Yeah, no, like, tell me about these women? Like, where do they find the courage to do this? Um, well, that’s a funny question, actually. Because like a lot of people, because I post a lot, you know, on Facebook and stuff, and a lot of people comment that like, Oh, I wish I had her confidence, or I wish, you know, I could do that sort of thing. But I feel like confidence is one of those things that you that comes from within you don’t really, you don’t, you don’t really like gain confidence by not trying to do things that make you confident. Does that make sense? Yes, yeah. So I feel like when a lot of the people come in, or a lot of the women that I photograph, they come into my studio, like 90% of them are like shaking in their boots. They’re like, I don’t know why I’m here. Like, I’ve even had people tell me, like, I sat on my car for 20 minutes, and I almost left and I’m like, Oh, my God, don’t stand me up. Like, Oh, wait. Yeah. So I think that, like a lot of a lot of the confidence that comes from that is a result of these sessions is actually it takes place during the actual shooting, it’s not something you necessarily will have before you come into the studio. Yeah. Um, and like, where does the idea come from? Because, you know, there’s never been a time where I’m sitting on the couch going, you know, I think I want somebody to take pictures of me and my underwear. Yeah. Like, where does it? Where does it come from? Where do you think the inspiration for your clients comes from, um, probably probably seeing me post my own photos, because I do a lot of selfies and stuff, too. So I will put my camera up on a tripod, and I have a little app on my phone that allows me to control my phone. So I’ll just, I’ll get naked in front of my camera and like, post it. So I have a Facebook group that I posted a lot. And I’ll post photos of myself in there. So I think that that also really helps kind of inspire my clients to be like, Okay, well, Erica walks the walk, and she talks the talk, so I can do this too. So I also really think it helps that my portfolio is full of audience of all types, instead of only showing the quote unquote, model type of body, whatever that means I roll but you know, showing all of the types of bodies in my portfolio definitely shows my clients that, you know, anybody can do this. It’s not just someone that necessarily looks good on camera.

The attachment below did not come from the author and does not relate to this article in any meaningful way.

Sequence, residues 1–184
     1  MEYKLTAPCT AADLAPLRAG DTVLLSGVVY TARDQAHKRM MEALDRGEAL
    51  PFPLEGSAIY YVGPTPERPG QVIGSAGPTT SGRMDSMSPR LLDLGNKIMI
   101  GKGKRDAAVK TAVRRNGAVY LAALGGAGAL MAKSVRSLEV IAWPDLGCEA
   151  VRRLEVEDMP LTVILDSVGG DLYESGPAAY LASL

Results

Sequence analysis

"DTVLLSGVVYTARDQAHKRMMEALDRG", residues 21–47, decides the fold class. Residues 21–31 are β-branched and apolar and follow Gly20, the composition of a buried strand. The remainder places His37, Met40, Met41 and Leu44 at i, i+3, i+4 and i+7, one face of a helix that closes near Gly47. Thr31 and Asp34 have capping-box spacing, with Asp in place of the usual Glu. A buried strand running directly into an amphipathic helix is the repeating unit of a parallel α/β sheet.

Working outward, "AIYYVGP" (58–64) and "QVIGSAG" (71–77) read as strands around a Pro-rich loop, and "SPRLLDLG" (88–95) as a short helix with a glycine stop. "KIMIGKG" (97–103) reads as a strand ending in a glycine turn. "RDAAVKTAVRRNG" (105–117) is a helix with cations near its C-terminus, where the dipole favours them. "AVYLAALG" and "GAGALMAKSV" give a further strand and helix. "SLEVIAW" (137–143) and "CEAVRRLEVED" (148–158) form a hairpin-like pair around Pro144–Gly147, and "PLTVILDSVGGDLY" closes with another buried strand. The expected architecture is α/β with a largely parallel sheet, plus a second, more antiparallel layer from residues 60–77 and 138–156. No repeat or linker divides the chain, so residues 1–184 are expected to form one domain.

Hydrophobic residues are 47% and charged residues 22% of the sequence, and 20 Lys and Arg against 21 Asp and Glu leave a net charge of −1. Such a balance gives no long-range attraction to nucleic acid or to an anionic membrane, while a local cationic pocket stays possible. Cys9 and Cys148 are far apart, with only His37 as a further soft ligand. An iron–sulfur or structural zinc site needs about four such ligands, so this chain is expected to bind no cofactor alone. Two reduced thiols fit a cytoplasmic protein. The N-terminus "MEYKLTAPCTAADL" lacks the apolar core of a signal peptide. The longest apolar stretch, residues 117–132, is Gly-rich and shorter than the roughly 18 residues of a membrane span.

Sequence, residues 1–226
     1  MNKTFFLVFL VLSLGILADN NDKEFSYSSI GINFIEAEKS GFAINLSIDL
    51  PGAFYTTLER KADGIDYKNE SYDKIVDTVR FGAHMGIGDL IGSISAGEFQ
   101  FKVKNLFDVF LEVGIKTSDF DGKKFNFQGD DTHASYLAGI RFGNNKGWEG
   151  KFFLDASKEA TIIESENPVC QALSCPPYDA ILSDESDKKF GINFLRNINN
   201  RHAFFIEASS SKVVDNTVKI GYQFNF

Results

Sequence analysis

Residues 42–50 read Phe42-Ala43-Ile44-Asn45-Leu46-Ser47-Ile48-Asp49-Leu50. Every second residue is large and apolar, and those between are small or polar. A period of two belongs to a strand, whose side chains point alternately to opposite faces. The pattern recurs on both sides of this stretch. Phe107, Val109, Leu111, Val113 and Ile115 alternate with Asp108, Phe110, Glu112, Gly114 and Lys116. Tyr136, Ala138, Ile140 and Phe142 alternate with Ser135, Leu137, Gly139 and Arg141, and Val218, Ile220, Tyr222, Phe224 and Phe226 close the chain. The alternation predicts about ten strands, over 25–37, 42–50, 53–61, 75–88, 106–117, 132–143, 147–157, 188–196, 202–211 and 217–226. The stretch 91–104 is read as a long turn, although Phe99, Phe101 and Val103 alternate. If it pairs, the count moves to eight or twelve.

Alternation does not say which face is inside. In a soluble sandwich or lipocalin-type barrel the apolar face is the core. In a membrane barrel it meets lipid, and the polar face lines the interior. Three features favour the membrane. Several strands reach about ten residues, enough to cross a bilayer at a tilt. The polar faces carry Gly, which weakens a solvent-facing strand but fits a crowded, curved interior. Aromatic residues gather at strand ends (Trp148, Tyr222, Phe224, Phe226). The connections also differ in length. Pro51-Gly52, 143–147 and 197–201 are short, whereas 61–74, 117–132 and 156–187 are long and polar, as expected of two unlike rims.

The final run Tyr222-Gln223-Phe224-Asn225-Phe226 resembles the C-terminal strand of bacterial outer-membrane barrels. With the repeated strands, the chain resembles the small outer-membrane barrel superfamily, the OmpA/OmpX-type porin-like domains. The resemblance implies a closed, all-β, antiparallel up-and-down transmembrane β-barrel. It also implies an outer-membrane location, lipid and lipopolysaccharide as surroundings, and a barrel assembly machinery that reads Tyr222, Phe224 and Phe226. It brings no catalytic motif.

And, you know, I think that’s what I love about what you do. Because a, you’re, you’re allowing women to see themselves in such a positive light, and every single image, I suppose it’s getting a little bit better. I’ll say 99% of images that we see out there. They’ve been airbrushed and they’ve had plastic surgery. And, you know, I have a daughter who’s 12 and she’s actually sitting in the background here. The images that we see as women of other women in the media, like they’re perfect, they’re absolutely perfect. And my daughter recently did a school project on Celine Dion. So, you know, my daughter really enjoys the music and the art and that kind of industry. And so through her project, we talked with her about, you know, Celine Dion’s had plastic surgery, and, you know, here some of the things that she’s done. So she looks great on stage. But there’s so little of the real person left, and it’s definitely not just, you know, that particular artists, any artists nowadays, what you see, and who the real person is, and what they look like, are completely different. Right? And so I can’t help them mum to think about that impact. Right? This is a real body, you are a real body, this stick figure that only eats once a day. That’s not a real body in a real life. Right. So, no, I think that’s fantastic. So just as we were talking, today, kind of getting started, you talked about some virtual shoots that you’re doing. Yeah, right away. I was like, What virtual shoot, like get heard of the whole front porch thing?